“I don’t think so” said the Lord. I was present always of course, but I heard nothing; only silence, no praise, no love, no adoration.
It was the first night that you have been silent since the monastery was founded. I was deeply saddened.”
The moral was clear. It wasn’t enough to sing; it wasn’t enough to be a musician, it wasn’t enough to be talented, it wasn’t enough to perform. Authentic worship was a matter of the heart.
Let us suppose for a moment that this story tells a theological truth. What is heard in heaven may be very different from what is heard on earth. Already we know from the saints that what matters in our daily actions is the love with which they are done.
“You know well enough that Our Lord does not look so much at the greatness of our actions, nor even at their difficulty, but at the love with which we do them.”
–St. Therese of Lisieux
“Pure love … knows that only one thing is needed to please God: to do even the smallest things out of great love – love, and always love.” (140)
If this applies to worship it may not be enough to say that music carries us to heaven and gives us a vision of the numinous. It may well be that any music not sung with genuine devotion of the heart is not heard in heaven. If that is so, then many, perhaps all of our cathedrals have been silent since the Reformation.
One or two of the angry voices raised against Benedict King made a similar point. They claimed they had been to choral services in cathedrals and lifted into the heavens. This may be true, I have no way of knowing. But I am suspicious. It is a little too Platonic to my mind. Much too close to ‘beauty is truth and truth, beauty’.
This is Greek not Hebrew. What does Jesus say? “Blessed are the pure in heart, they shall see God.”
This suggests that the route to the heavenly vision in not an ear well-tuned to polyphonic renaissance music, however lovely and beautiful it is, but instead a pure and penitent heart.
Too much of the praise of Cathedral music sounds like a peon to high art rather than the invitation to the renewed and contrite heart.
Vision in the Scriptures comes from obedience, or penitence, never from art; this is Athens rather than and in contrast to Jerusalem.
A great deal has been made of the rise in numbers in evensong. But this is the talk of desperation. Attendance in the C of E is in demographic free fall. If by contrast there are a few hundred extra attendees at Sung Evensong this is not ‘growth’ or success. And once again, no effort is made to assess whether or not those who go belong to the category of esoteric culture-vultures or are would-be catechumens driven by hunger of spirit that will not let them go.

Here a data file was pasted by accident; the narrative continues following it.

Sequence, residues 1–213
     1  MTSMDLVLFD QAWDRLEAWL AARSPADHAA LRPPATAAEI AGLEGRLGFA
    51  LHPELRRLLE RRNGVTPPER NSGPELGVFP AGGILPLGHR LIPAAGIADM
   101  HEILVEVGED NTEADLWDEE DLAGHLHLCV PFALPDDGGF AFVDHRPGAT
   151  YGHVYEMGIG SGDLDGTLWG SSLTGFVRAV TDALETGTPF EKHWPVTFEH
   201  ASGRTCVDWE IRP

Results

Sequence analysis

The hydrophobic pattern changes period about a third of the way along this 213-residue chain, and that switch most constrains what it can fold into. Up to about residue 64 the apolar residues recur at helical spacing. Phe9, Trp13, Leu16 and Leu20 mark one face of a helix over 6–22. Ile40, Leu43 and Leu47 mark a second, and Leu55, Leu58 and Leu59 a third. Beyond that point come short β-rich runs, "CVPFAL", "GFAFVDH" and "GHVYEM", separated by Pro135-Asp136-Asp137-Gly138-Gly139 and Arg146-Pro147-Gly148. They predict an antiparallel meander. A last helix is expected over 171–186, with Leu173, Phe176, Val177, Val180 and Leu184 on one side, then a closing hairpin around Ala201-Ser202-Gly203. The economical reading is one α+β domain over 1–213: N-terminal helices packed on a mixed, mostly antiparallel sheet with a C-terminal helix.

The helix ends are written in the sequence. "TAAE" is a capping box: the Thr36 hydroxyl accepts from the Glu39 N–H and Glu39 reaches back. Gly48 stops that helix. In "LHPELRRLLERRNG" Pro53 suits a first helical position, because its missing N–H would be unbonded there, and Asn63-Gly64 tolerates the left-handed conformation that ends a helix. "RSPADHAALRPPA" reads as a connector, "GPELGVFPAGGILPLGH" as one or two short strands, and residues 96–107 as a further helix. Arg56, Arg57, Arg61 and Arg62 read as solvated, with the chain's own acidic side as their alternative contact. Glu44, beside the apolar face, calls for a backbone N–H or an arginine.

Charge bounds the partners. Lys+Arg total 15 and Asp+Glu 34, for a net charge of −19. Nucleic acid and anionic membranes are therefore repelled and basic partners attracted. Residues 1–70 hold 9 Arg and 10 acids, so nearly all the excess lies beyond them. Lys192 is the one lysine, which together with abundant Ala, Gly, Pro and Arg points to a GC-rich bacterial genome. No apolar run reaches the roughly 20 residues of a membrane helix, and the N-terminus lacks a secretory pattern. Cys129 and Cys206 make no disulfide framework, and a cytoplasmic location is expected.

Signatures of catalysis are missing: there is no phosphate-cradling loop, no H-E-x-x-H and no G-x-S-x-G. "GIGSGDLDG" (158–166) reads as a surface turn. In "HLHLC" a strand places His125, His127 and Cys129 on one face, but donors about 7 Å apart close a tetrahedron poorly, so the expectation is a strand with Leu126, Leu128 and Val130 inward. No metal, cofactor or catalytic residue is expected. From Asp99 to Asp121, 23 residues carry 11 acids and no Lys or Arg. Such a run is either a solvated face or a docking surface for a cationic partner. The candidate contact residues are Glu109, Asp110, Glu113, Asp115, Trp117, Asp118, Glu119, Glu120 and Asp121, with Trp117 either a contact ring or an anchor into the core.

It is wholly true of course that the musical education given by the Church and in particular cathedral choirs is and has been invaluable. I am one of its many grateful beneficiaries. But all this speaks to is another useful chapter in the Church’s commendable role as a patron of the arts. Valuable, worthwhile, dignified, meretricious; but forgive us if we note that Jesus went to His death on the cross, bearing the sins of the whole world to allow us to approach heaven uncondemned, rather than to facilitate our love of art and music making.
One word, one phrase infuriated some of the commentators particularly. King referred to the over-long, over-ornate, over fussy setting of the invitation to worship “Oh Lord open our lips”, lasting over a minute, as ‘camp’. Cue utter fury, as if he had put his finger in a wound. What wound would this be? Those who know, know. For those who don’t we can pass on. But, a reaction wholly disproportionate to the writing.
What if the exceedingly expensive choir schools disappeared? Could the Anglicans, like the Greek and Russian Orthodox use a small but gifted, dedicated and spiritually committed group of four or five singers +? There is as much of heaven to be glimpsed in a Russian Orthodox Church washed in the music of adoration and ecstasy as there in the cool intricate polyphony of the West.
But the question of who sings it and what motivates them to sing it may be of the utmost importance in the economy of salvation and in the integrity of the Church.
The fact that Benedict King’s article produced such rage and reflex-vitriol suggests that the choral tradition in Anglicanism is not as pure a vehicle of revelation and salvation as its followers would like to believe. It may even constitute a different god – a different religion. And if that proved to be true, the temple post covid may be found to have been cleansed, rather than collapsed beyond repair.
Statues have suddenly become important to us all. They enrage Black Lives Matter. They have made the rest of us scratch our heads and think. Something big is at stake here, but what is it?
I underestimated statues. I saw them only as large and rather clumsy tributes to fashions in history.